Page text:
Sony announces winners from 2018 photo competition

Winners of the Sony World Photography Contest were announced last month and finalists this month. Several publications have assembled extensive galleries of the top photographs in a variety of categories. These two appealed to me immediately, but there are many more to see, with something for everyone.

These are a few that caught my eye. Be sure to see the links at the end for many more winners.

Mammatus. “Bolton, Kansas.”  © Mitch Dobrowner, USA, Shortlist, Professional, Natural World & Wildlife (2018 Professional competition),

Veselin Atanasov’s picture of autumn trees in a national park in Bulgaria has won the Landscape and Nature section of the competition.

Eye to Eye. “This image was made from an underground hide at Zimanga private game reserve in South Africa. I had spent about a month in total in this hide hoping for a big cat to come a drink, and only once was I privileged with the opportunity to capture this beautiful big male leopard cautiously coming to drink a mere three meters from me. Seeing and photographing these big cats is always so amazing, but being so close and at eye level with it is just on another level completely.  © Brendon Cremer, South Africa, Commended, Open, Wildlife (Open competition), 2018 Sony World Photography Awards

Niobe. “A ‘Siren’ storm wave, part of a series of waves named after mythological beings. Niobe was captured during Storm Brian at Newhaven in East Sussex. ‘Sirens’ is an ongoing portfolio of storm waves captured on the UK’s south coast. A childhood afloat and a love of maritime mythology have come together in these portraits of monstrous waves named after mythological creatures. ‘Niobe’ was the Greek archetype of the mourning mother (I see children/wavelets on her ‘shoulder’).”  © Rachael Talibart, United Kingdom, Shortlist, Professional, Landscape (Professional competition), 2018 Sony World Photography Awards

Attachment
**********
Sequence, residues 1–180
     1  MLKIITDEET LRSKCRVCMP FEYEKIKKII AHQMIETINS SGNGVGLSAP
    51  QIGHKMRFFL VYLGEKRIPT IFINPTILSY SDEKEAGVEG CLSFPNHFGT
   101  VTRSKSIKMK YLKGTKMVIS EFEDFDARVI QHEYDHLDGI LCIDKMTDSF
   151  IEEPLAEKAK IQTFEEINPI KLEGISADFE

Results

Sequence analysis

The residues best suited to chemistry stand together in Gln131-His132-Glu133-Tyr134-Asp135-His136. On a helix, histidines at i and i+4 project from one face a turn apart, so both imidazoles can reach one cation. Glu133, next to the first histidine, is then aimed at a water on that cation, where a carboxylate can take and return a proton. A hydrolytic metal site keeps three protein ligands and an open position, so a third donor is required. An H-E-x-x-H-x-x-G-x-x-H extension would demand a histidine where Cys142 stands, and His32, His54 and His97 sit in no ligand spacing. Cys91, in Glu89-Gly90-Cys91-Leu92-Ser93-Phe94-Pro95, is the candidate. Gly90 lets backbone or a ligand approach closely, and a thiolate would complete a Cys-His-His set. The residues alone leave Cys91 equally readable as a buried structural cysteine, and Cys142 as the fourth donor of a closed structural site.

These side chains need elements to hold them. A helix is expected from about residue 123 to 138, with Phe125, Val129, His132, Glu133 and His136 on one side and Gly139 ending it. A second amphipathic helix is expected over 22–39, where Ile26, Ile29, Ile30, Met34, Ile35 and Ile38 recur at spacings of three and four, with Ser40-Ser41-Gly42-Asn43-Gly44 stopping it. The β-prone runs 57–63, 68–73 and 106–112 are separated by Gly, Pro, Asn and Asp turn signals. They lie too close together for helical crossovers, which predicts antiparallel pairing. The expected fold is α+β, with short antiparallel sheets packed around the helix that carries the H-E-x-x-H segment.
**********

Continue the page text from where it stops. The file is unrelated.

For many more outstanding photographs from the 2018 Sony Competition, see these three sources for galleries:



Categories: Photography

5 replies

  1. Most impressive. Thanks. These remind me that digital photography has become a mature technology. The art of taking photos is no longer limited by the cost of film – that has to have some impact on the quality, one would think, and the resolution of computer screens appears as good as printing. Who would have thought it a decade or two ago? What an age we are living in!

    • I’ve never forgotten the summer I came up here for vacation with a new AE-1 camera. Finally I was going to get some great pictures. They were so-so. But the film and later processing cost more than the rest of the vacation. I don’t know if a spiffy new digital SLR would rekindle my love of photography, but I can’t afford to find out. I now focus on being in the moment and preserving the images on the emulsion of my mind.

  2. Jaw dropping! So much beauty!

“I cannot be an optimist but I am a prisoner of hope.” ~ Cornel West

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